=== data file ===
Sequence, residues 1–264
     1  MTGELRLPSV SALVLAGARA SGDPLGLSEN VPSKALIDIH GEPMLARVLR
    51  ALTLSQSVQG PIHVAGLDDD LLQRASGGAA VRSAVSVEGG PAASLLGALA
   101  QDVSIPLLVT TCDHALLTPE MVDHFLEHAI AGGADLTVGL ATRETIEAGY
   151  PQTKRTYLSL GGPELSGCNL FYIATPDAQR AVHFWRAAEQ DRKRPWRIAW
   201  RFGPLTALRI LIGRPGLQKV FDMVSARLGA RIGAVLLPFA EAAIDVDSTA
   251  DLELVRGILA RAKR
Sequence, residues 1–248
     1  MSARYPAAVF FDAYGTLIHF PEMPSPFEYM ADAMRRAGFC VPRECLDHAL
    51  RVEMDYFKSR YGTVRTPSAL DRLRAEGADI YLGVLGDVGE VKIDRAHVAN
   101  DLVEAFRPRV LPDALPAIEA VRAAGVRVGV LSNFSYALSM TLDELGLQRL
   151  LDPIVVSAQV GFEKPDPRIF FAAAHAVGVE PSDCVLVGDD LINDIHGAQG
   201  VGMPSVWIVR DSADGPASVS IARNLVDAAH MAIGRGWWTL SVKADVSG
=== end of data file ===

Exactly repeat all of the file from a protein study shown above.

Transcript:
Sequence, residues 1–264
     1  MTGELRLPSV SALVLAGARA SGDPLGLSEN VPSKALIDIH GEPMLARVLR
    51  ALTLSQSVQG PIHVAGLDDD LLQRASGGAA VRSAVSVEGG PAASLLGALA
   101  QDVSIPLLVT TCDHALLTPE MVDHFLEHAI AGGADLTVGL ATRETIEAGY
   151  PQTKRTYLSL GGPELSGCNL FYIATPDAQR AVHFWRAAEQ DRKRPWRIAW
   201  RFGPLTALRI LIGRPGLQKV FDMVSARLGA RIGAVLLPFA EAAIDVDSTA
   251  DLELVRGILA RAKR
Sequence, residues 1–248
     1  MSARYPAAVF FDAYGTLIHF PEMPSPFEYM ADAMRRAGFC VPRECLDHAL
    51  RVEMDYFKSR YGTVRTPSAL DRLRAEGADI YLGVLGDVGE VKIDRAHVAN
   101  DLVEAFRPRV LPDALPAIEA VRAAGVRVGV LSNFSYALSM TLDELGLQRL
   151  LDPIVVSAQV GFEKPDPRIF FAAAHAVGVE PSDCVLVGDD LINDIHGAQG
   201  VGMPSVWIVR DSADGPASVS IARNLVDAAH MAIGRGWWTL SVKADVSG